In our collective imaginations, we tend to conceive of the constantly called-for “national conversation on race” as having the formality of some grand conclave of consciousness - an American Truth and Reconciliation equivalent, a spiritual spectacle in which sins are confessed and blame taken and burdens lifted.
This may be ideal, but it is also exceedingly unlikely in this country, particularly in this political environment. There will be no great atoning. Reparations will not be paid. There will no sprawling absolution.
Yet we can still have a productive conversation. Indeed, I would argue that we are in the midst of a national conversation about race at this very moment. Its significance isn’t drawn from structure but from the freedom of its form.
Every discussion over a backyard fence or a cup of coffee is part of that conversation. It is the very continuity of its casualness that bolsters its profundity.
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Last week the FBI director, James Comey, added his voice to that conversation, particularly as it relates to the relationship between law enforcement and communities of color. There were portions I found particularly potent coming from a man in his position.
He gave a list of “hard truths,” the first of which was an admission that the history of law enforcement in this country was not only part of the architecture of oppression but also a brutal tool of that system.
As Comey put it, “One reason we cannot forget our law enforcement legacy is that the people we serve and protect cannot forget it, either.”
His second hard truth acknowledged the existence of unconscious racial bias “in our white-majority culture” and how that influences policing.
Third, he acknowledged that people in law enforcement can develop “different flavors of cynicism” that can be “lazy mental shortcuts,” resulting in more pronounced racial profiling.
But as in all discussions, there were portions of the speech to which I took exception.
Comey seems to falsely conflate condemnation of poor policing – sometimes predatory policing, in particular – with a condemnation of all policing. He makes a straw man argument, “Law enforcement is not the root cause of problems in our hardest hit neighborhoods.” Who said it was?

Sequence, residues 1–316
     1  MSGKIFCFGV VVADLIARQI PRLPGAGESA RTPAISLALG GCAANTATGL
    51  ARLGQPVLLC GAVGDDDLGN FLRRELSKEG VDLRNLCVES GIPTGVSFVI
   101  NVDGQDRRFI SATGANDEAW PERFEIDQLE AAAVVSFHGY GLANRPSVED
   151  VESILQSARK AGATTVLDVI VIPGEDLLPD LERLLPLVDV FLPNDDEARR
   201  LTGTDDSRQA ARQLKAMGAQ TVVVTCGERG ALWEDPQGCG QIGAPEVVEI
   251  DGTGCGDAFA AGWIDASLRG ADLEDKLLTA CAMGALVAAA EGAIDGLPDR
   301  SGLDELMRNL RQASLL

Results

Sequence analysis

The discussion is not about police officers being a “root cause of problems” in a given neighborhood, but rather that they shouldn’t be a problem at all, anywhere. We are not geographically confined. We can move in and out of high-crime neighborhoods. We can’t move in and out of our own skin.
Another hard truth focused on how crimes among “many young men of color become part of that officer’s life experience.” But in seeking to offer context, he mentioned “environments lacking role models, adequate education, and decent employment.” Here he moves perilously close to a racial pathology argument, as if there were something inherent in blackness and black culture that predisposes one to criminality.
What too few people mention when discussing crime is the degree to which concentrated poverty, hopelessness and despair are the chambermaids of violence and incivility. These factors are developed and maintained through a complicated interplay of structural biases – historical and current – interpersonal biases, environmental reinforcements and personal choices.
Even as I disagree on portions, I take the larger point, and I applaud the endeavor and its purpose.
One doesn’t have to possess the certitude of gospel to have a positive impact on this discussion - for themselves and others. Just an earnest desire for insight and mutual understanding.
This is more than one can say of the hard of heart, those resistant to engagement and, therefore, beyond enlightenment. The stone cannot absorb no matter how much you drench it.
Blow is a New York Times columnist.